A SCHOOLGIRL with a rare condition has received a new wheelchair thanks to a charity partnership.

Beth Selwood from Caversham relies on a powered wheelchair to help her get about.

The 10-year-old has a form of muscular dystrophy, which affects all of the muscles in her body, including her heart, lungs and eyes.

Having outgrown her old chair, she desperately needed a new model to help maintain her independence.

Her mother Caroline said: "The new chair will give Beth the support she needs and will slow down the deterioration of her spine.

"She will need surgery eventually, but hopefully this will be limited to just one operation when she finishes growing, rather than multiple surgeries, because she hasn’t had the right support.”

Young Beth had benefitted from £16,000 funding to purchase the new chair, thanks to a partnership between Marks and Spencers (M&S) and Newlife.

Without her powered chair, Beth would have to use a manual chair and rely on an adult to push her around.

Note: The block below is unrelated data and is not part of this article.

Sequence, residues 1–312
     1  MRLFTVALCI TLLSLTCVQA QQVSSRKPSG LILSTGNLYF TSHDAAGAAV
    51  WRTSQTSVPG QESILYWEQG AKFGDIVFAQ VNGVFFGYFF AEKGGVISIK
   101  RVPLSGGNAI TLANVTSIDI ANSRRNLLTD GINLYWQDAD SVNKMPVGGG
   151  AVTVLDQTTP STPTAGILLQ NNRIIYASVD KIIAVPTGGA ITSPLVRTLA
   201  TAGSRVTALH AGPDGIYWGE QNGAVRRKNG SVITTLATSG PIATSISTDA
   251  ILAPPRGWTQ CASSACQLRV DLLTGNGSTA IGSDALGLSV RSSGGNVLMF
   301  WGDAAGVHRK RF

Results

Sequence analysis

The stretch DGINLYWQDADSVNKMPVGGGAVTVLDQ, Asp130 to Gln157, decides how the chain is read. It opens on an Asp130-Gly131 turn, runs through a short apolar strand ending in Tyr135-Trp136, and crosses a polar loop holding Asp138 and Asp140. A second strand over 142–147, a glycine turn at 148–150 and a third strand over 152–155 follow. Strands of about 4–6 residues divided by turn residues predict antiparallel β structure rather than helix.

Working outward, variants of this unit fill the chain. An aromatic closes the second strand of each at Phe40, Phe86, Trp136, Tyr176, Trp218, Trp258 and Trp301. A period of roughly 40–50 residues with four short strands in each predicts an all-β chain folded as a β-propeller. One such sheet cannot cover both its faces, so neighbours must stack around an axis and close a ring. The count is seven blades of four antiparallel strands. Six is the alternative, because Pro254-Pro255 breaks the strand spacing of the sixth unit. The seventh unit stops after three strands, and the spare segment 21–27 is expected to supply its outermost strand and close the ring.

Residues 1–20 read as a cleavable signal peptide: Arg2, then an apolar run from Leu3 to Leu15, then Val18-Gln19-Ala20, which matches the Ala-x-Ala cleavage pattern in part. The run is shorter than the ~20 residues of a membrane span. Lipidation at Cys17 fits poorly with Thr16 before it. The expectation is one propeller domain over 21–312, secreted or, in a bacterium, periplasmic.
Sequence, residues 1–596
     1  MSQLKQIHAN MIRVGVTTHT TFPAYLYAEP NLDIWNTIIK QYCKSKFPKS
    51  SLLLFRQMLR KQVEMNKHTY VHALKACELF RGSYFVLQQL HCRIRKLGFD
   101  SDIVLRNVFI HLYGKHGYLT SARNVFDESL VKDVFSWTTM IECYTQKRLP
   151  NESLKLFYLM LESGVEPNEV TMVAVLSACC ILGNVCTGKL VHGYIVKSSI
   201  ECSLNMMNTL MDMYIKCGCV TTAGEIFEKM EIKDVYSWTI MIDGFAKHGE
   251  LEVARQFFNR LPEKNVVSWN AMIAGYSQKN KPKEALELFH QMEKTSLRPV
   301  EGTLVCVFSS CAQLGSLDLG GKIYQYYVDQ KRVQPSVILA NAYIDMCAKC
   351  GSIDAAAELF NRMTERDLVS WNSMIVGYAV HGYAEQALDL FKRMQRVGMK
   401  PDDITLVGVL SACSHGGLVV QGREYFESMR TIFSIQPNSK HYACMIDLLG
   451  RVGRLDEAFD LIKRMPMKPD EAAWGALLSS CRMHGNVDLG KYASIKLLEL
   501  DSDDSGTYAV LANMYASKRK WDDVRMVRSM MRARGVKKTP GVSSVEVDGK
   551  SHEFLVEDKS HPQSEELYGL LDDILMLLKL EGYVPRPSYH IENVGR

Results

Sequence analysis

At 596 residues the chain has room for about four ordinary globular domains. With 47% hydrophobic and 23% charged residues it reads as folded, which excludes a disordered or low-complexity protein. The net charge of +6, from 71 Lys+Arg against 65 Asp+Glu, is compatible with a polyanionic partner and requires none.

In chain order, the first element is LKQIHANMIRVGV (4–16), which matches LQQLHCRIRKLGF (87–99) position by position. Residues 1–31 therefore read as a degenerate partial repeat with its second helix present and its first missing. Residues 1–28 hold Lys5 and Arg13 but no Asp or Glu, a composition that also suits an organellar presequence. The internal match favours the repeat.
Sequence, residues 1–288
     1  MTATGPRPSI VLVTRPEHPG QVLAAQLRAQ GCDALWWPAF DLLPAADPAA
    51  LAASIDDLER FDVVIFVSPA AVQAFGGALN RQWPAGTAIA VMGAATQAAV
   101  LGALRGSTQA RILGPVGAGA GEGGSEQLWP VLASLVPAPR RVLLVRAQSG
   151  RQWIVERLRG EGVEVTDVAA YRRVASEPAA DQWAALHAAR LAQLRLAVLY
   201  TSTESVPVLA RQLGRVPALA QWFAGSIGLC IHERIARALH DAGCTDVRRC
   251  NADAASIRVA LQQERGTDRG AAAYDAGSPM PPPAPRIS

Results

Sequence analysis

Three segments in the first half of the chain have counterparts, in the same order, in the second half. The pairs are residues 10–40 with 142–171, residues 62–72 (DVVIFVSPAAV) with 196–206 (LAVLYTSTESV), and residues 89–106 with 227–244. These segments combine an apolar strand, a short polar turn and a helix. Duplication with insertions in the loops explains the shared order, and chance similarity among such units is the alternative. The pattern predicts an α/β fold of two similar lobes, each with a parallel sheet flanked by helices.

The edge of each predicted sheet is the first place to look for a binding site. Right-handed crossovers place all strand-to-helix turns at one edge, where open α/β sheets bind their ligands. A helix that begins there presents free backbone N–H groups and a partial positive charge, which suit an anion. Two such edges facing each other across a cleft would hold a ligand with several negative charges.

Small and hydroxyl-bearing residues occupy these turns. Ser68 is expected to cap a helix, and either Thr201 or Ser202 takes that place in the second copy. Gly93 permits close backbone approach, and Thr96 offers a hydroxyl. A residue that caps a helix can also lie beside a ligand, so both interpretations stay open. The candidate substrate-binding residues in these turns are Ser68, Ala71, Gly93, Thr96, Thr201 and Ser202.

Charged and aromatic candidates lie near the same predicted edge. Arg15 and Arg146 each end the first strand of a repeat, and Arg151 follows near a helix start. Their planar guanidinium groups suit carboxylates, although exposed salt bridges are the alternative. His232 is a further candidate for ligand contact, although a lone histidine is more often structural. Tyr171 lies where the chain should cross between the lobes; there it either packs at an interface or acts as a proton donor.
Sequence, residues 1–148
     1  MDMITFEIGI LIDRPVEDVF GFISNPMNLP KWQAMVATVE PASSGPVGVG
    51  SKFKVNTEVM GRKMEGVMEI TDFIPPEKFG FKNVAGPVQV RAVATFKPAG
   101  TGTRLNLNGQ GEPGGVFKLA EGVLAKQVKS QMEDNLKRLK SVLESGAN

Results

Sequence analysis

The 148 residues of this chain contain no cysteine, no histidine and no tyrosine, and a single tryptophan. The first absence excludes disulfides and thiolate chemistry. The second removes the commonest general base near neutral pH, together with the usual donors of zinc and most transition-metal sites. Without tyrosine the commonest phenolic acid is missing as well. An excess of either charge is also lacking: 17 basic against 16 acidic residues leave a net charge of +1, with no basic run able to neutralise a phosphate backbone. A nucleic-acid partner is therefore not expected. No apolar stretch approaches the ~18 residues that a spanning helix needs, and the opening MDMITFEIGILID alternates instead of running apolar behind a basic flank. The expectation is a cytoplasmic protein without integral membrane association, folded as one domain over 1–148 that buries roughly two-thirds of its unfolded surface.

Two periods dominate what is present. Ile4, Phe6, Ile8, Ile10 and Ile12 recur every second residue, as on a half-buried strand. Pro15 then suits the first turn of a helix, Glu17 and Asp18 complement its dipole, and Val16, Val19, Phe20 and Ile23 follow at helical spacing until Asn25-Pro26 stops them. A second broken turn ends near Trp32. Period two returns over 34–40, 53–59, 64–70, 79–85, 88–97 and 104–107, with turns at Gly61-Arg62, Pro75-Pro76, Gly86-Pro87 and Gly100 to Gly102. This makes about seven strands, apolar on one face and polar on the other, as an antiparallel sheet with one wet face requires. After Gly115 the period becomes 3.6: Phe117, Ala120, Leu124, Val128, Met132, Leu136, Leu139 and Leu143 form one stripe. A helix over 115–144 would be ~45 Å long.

Caroline believes this could have had a considerable impact on her daughter’s state of mind.

She added: “Beth has recently started at a new specialist school that will help her learn the skills she needs for life as an adult.

"Having this powered chair will give her the best possible chance to reach her full potential.”

M&S has worked with the charity Newlife for the last 11 years, donating products to help those in need.

Beth suffers from scoliosis, a condition which affects the spine, and so continuing to use the smaller charit would have put further strain on her body.

Sheila Brown OBE, Chief Executive of Newlife charity, added: “Our partnership with M&S benefits hundreds of children and their families.

"It is very encouraging to see the efforts of M&S in helping to improve the lives of disabled and terminally-ill children within the local community and across the UK.

"Equipment that costs hundreds to several thousands of pounds really can transform lives.

"We are very grateful to everyone involved and would encourage other groups and individuals to keep fundraising to help us make a difference.”